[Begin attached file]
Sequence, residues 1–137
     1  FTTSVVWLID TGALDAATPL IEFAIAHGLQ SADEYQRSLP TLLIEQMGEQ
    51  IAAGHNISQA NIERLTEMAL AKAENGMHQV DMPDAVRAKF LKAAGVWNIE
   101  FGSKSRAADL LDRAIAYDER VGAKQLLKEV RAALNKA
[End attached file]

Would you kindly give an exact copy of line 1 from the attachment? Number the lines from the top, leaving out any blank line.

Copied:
Sequence, residues 1–137